AFL operations manager Simon Lethlean made a point of praising Houli as he commented on the historic appeal that doubled the Richmond defender’s suspension.
Lethlean launched the appeal, the first time the AFL has challenged a tribunal verdict, after Houli received a two-game ban for striking Carlton opponent Jed Lamb.
Last night the appeals board made that a four-game ban, meaning Houli now misses the big round-18 clash against top side GWS.
No-one disagreed with Richmond’s assertion that Houli is a man of fine character.
But very few people outside Richmond agreed with the original tribunal penalty.
The AFL successfully challenged the tribunal’s original decision that Houli’s much-lauded character should influence the length of his suspension.
Character references from the likes of Waleed Aly and Mark Williams, plus a reference to comments from the Prime Minister earlier this week about Houli, originally helped the backman’s cause.
But last night the so-called “good bloke defence’ was ruled irrelevant.
“He’s a leader in our game, a player and a person of great integrity,” Lethlean said after the hearing.
“His remorse for his actions were clear after the completion of the match.
“Our actions in appealing the tribunal decision were about protecting players from injury to the head and this is very important to us.”
This is the first suspension for Houli in his 162-game AFL career.
Appeals board chairman Peter O’Callaghan QC joined in the praise of Houli, saying he deserved the highest praise.
But the board agreed with Lethlean’s argument that two games was manifestly inadequate.
“A blow from a person of exemplary character has the same effect as a blow from a person of bad character,” O’Callaghan said.
As Houli’s marathon two-hour appeal hearing unfolded, Carlton announced that Lamb would miss Saturday’s match against Adelaide because of concussion.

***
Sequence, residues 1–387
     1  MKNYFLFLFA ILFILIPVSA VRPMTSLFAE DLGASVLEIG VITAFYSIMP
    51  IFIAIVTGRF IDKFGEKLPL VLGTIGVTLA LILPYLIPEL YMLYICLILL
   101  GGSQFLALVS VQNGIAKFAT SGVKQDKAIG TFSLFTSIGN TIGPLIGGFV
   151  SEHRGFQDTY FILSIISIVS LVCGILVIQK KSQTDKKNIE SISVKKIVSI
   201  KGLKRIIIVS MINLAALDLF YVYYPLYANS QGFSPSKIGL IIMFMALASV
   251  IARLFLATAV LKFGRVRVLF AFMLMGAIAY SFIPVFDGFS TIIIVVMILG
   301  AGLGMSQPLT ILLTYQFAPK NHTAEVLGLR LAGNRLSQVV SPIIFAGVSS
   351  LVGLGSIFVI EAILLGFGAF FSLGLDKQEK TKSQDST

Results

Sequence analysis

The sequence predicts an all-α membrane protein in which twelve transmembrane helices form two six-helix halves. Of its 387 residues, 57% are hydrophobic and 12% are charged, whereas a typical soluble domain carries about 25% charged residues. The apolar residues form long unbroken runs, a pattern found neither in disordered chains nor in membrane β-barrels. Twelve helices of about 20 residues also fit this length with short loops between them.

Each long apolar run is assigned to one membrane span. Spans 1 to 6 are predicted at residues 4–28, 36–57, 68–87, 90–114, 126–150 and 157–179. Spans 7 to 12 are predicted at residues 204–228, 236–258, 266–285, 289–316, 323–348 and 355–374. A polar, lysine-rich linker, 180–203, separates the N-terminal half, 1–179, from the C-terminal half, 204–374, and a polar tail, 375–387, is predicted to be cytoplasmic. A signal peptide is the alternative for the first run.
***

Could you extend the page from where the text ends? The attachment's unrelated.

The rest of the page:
“The decision has been made and I accept it,” Houli said after the hearing.
“My concern is and always has been for Jed and I hope he recovers really quick.
“The other thing is we move on with life and I will do my best to help the team prepare for the next few games.”
Meanwhile, the controversial “play-on” call that sparked a major serve from Leigh Matthews has prompted an AFL backflip.
A year after the shot clock was taken off the scoreboard for the last two minutes of each quarter, it will be shown again for the whole match.
North Melbourne star Shaun Higgins was having a set shot at goal late in the third quarter of Saturday night’s match against the Western Bulldogs when play on was called.
Jake Stringer quickly mowed Higgins down in a tackle, denying him the scoring chance.
The Western Bulldogs won by one point.
Matthews said the scenario was deplorable and stupid, while Higgins said he simply did not hear the umpire call play on.
The issue was raised at Wednesday’s annual get together of senior coaches with AFL chief executive Gillon McLachlan and football operations manager Simon Lethlean.
The AFL said it reverted to showing the shot clock for the whole match to make it as clear and consistent as possible for players and umpires.
Ironically, North were also responsible for the AFL’s original decision to take the shot clock off the scoreboard for the last two minutes.
Kangaroos forward Mason Wood kept an eye on the clock last season as he successfully iced the end of a tight match.
If players are deemed to be deliberately running down the clock, umpires will have the power to call play on.
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